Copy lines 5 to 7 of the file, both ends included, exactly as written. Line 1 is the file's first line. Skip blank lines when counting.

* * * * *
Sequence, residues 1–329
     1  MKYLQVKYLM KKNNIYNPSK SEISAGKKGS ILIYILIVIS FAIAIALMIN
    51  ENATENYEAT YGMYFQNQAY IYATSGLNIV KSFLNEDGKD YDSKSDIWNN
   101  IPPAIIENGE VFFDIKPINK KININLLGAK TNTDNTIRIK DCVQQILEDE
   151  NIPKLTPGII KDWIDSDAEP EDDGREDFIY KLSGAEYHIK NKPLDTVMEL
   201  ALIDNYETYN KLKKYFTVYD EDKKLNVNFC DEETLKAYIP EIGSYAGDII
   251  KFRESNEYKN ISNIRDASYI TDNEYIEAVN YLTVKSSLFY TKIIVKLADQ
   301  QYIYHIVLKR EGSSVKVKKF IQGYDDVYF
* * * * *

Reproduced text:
   151  NIPKLTPGII KDWIDSDAEP EDDGREDFIY KLSGAEYHIK NKPLDTVMEL
   201  ALIDNYETYN KLKKYFTVYD EDKKLNVNFC DEETLKAYIP EIGSYAGDII
   251  KFRESNEYKN ISNIRDASYI TDNEYIEAVN YLTVKSSLFY TKIIVKLADQ